8. Training Tools

Training Tools

We see a training tool as anything we use to increase our climbing ability. Not just a physical object but anything that develops our strength or technique.

Everybody has their preference on training, whether it’s home alone on a hangboard or extra sets at the local boulder wall. We should also mention that we know training isn’t for everyone. Climbing is about enjoyment and that’s unique to each person.

Here’s a couple of our favourite “tools” for training. Things we think almost anyone could have access to.

Systems and Simulations

This is all about expanding your repetoire for climbing moves, as well as practicing the ones you already know. Systems boards are best for this and they come in all shapes and sizes. They’re not the only way to simulate climbing moves though. You can develop moves in a variety of ways and there are plenty of youtube videos and blogs out there that will show you how to practice heel hooks on a coffee table, toe hooks on a doorway or campusing on tree branches.

We won’t get into the specifics of each one but outside of climbing heaps of crags, systems and simulations are the best way to expand your moves and hone your endurance, strength and technique. The most important part of the exercise is movement, while isometric (hangboards, planks, some yoga poses) training certainly has it’s place, your body needs to move. Contact strength, hand-eye coordination and your muscle memory all play a vital role in climbing a route, they will be the difference between an on-sight and several red-point attempts.


This is a big one, it’s hard to make progress if you don’t measure it. We highly recommend keeping a log book for your climbing as well as a journal or preferably videos of your routes. In fact filming yourself doing circuits on a systems board is hands down the best way to improve technique. Repetition of movements combined with the ability to analyse yourself on the wall is a great way to improve. Remember if you can’t spot your flaws, start with where ever you fall off or ask a friend to help you break down.

Try to make a note of specific goals and defined achievements you want to make. Both in the form of climbing grades as well as simpler goals, such as increasing reps for basic exercises. Finding your current level is the key to pushing past it, so make sure you start your training journey with an accurate assessment, which leads me to my last point.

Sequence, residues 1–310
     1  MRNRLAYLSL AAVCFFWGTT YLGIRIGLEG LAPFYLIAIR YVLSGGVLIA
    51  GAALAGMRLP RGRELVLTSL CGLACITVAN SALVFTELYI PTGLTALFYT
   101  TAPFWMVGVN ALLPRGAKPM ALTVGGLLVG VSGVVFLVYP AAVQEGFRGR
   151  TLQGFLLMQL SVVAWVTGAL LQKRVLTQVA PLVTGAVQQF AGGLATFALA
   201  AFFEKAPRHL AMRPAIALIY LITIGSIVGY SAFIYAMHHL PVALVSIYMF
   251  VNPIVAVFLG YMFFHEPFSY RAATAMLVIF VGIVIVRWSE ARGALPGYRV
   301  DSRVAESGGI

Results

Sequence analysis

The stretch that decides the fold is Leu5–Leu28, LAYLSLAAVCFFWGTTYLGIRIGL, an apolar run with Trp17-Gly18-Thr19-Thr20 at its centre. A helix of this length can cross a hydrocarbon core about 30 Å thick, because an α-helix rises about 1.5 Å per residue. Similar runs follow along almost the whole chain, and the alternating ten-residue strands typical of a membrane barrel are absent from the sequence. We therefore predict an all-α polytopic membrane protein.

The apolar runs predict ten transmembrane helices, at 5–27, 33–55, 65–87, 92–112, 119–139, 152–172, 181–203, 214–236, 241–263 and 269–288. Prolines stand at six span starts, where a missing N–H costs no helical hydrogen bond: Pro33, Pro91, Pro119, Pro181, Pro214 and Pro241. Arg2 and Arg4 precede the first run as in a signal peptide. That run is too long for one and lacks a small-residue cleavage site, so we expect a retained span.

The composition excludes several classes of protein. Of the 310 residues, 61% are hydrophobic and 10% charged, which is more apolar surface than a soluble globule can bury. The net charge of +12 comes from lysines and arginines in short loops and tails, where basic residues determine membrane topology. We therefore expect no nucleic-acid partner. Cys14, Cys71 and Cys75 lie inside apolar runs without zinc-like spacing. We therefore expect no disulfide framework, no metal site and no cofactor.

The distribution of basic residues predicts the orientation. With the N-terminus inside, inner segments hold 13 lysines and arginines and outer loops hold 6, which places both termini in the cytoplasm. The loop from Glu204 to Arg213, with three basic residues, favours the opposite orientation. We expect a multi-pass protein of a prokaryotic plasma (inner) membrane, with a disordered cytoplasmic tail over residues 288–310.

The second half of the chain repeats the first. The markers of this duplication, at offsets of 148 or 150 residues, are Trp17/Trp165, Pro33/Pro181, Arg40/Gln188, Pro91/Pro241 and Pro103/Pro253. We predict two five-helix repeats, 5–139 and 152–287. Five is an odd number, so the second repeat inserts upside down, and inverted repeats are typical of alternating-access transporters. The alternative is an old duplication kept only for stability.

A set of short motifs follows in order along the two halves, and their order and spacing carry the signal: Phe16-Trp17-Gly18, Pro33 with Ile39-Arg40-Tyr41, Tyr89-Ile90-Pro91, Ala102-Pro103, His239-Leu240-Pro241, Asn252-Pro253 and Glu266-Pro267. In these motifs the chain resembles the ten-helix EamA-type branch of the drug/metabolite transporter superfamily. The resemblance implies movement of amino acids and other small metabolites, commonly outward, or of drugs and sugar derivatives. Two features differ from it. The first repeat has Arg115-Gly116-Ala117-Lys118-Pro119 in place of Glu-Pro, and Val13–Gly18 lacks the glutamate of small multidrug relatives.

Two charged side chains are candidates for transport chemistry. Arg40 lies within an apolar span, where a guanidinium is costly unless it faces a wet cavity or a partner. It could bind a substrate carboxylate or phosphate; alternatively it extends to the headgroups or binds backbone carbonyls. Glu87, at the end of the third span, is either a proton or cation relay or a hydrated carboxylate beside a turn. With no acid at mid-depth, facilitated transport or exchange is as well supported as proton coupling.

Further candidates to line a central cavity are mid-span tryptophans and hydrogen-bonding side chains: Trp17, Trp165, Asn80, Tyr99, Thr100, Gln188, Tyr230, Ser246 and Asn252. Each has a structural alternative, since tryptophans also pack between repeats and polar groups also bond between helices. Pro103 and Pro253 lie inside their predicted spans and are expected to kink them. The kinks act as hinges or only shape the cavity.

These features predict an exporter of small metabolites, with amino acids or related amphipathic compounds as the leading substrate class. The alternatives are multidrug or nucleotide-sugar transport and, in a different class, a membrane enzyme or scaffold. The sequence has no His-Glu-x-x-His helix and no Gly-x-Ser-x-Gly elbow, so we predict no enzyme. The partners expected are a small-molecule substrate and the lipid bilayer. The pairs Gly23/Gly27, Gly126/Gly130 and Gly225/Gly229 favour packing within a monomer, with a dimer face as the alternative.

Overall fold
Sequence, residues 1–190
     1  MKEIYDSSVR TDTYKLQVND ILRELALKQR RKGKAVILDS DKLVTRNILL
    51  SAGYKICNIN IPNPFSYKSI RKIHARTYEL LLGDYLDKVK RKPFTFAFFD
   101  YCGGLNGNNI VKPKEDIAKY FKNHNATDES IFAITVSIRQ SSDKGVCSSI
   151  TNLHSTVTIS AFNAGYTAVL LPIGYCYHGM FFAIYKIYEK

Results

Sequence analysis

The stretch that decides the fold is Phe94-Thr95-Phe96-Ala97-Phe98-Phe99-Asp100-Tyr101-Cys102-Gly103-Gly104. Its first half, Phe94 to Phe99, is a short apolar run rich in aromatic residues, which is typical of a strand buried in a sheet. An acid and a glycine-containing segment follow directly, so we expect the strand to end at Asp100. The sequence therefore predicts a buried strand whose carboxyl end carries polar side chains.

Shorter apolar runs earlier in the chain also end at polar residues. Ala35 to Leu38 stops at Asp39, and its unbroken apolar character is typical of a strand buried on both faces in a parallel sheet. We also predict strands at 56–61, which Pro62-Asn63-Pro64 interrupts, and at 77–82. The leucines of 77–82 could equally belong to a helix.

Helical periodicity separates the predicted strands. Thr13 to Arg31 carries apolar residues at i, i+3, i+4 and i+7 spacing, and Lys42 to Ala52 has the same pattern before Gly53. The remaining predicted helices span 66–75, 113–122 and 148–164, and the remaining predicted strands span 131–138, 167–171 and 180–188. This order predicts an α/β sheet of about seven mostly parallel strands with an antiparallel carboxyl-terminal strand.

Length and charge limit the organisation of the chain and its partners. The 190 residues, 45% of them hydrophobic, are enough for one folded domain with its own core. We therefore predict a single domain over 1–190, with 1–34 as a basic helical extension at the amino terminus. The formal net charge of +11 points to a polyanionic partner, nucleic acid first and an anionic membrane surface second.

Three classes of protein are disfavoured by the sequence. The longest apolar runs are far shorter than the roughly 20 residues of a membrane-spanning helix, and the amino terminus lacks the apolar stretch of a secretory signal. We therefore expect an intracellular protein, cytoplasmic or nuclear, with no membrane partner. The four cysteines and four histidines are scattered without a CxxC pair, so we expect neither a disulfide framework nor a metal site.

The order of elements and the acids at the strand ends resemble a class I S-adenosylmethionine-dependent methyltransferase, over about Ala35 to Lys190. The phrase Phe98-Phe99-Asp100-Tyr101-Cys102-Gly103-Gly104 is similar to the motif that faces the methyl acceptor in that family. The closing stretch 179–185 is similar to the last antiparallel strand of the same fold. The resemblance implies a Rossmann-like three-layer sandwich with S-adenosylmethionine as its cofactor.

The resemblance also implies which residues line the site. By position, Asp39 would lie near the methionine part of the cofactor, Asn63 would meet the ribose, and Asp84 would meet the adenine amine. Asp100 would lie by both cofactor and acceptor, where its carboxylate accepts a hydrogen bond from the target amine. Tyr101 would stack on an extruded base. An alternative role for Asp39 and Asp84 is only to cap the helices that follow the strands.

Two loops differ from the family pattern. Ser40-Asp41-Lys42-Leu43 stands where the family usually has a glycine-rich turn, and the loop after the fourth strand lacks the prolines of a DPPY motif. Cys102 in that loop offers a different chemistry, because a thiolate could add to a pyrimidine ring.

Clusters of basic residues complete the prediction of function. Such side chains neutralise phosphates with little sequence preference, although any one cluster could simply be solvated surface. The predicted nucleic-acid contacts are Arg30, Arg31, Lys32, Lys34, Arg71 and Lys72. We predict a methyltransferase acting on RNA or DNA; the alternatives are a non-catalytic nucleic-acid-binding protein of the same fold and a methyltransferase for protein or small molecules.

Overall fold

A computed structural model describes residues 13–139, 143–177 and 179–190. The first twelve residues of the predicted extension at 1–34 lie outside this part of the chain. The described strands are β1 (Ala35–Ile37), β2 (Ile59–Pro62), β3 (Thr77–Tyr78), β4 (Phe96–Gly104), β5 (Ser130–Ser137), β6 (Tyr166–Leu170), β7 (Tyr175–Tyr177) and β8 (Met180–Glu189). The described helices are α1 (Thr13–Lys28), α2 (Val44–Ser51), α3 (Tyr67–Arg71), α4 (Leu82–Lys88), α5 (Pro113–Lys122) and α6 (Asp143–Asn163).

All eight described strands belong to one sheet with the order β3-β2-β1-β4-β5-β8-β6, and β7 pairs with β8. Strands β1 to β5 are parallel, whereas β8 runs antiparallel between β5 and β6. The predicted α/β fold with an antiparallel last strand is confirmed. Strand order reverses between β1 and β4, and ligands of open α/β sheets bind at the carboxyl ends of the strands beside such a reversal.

Find a mentor, a coach, a climbing guru and learn everything you can from them. Remember to try and find more than one as well. It’s important to climb with a diverse range of strong, capable climbers, and never be afraid to climb with someone stronger than you. Having a friend or fellow climber help with beta, advice on training, or even just encouraging you to climb more can make a huge difference.

While climbing with friends and other climbers is great, there’s no substitute for a professional coach. Even just a one off session with a qualified coach at your local boulder gym can make a world of difference. Coaches are trained to spot flaws in your technique and a good one should be able to provide a list of training exercises to help correct them. While a good climber will tell you to “use your feet” or “tense your core” a good coach will break it down into a step by step process and help you to understand how each body position and movement works. If nothing else see a climbing coach for your first assessment and get started on the right foot.

With 8 days until we announce we hope you’re enjoying the blogs. If you’ve got a topic you would like to read next or a training tool you love please leave us a comment either here or on our facebook page.


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